Grounded in 1563 by the Jesuits the "Collège de Clermont" at the start was named "Collège de Louis le Grand" after king Louis XIV offered his patronage. The college was often in competition with the University of Paris.
    At the Revolution the name was changed to Lycée. The Lycée Louis-le-Grand kept its position as elite establishment. Molière, Voltaire, and Victor Hugo were pupils as well as Georges Pompidou, Valéry Giscard d'Estaing, and Jacques Chirac who became French presidents.

    A thorough renovation of the buildings started in 1995; one can now admire the results.

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    Université Paris 1 Panthéon-Sorbonne

    by breughel Written Sep 14, 2010

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    Paris is a city with a remarkable architecture; the various buildings of the Sorbonne are an example among many others. It is not possible anymore to have free visits inside but we can take pleasure admiring the outside.
    My picture is taken from the Pantheon square and shows the entrance to the Faculty of Law of the Paris 1 "Panthéon-Sorbonne" university.
    At Paris 1 political sciences and economics, management, law and human sciences are teached to 38.000 students, not just here but on 26 sites in and around Paris.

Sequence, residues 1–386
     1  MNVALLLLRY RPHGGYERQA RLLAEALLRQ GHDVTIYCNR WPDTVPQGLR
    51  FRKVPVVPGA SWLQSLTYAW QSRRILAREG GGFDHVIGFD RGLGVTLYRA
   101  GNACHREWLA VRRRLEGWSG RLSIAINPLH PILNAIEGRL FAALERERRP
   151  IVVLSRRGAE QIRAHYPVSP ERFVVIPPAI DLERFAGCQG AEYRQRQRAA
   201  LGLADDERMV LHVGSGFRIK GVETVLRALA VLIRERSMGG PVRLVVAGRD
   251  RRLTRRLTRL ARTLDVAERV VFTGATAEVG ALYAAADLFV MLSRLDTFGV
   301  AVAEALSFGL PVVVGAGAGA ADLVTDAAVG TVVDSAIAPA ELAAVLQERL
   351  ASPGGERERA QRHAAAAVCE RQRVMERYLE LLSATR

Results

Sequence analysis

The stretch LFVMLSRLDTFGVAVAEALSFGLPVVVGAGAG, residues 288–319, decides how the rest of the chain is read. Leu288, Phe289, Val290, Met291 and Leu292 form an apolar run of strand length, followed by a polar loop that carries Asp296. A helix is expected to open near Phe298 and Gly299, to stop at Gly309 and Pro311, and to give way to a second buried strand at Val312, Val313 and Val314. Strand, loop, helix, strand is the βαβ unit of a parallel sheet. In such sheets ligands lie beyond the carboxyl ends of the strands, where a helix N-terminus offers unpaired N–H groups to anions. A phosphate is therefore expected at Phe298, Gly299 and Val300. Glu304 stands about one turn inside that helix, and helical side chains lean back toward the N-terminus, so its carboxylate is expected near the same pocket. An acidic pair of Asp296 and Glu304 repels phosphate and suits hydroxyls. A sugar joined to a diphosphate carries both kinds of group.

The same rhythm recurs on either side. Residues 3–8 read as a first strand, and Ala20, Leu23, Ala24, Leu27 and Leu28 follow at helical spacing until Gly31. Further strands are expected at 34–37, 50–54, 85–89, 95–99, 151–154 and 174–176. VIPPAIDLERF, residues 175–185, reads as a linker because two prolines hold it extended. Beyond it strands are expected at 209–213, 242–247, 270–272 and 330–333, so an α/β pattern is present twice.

Strange for an outsider is the fact this building on my photo is also used by the "Panthéon-Assas" Paris II University which is mainly teaching law to 18.000 students with the main campus rue d'Assas. The building "Faculté de Droit - Panthéon" is evenly divided between the two universities. This resulted from the split of the University of Paris in 1968 after the famous May 68 student revolt.

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    La Sorbonne

    by Diana75 Updated Feb 22, 2006

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    La Sorbonne
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    The beginning of La Sorbonne dates from 1257 when a small college for 16 poor students willing to study theology was established.

    During the centuries, La Sorbonne was rebuilt and restored so as to become the most important university in France.

    The current building has, between others, 22 lecture halls, two museums, 37 tutorial rooms, 240 laboratories and an astronomy tower.

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  • Jefie's Profile Photo

    Take a peak at La Sorbonne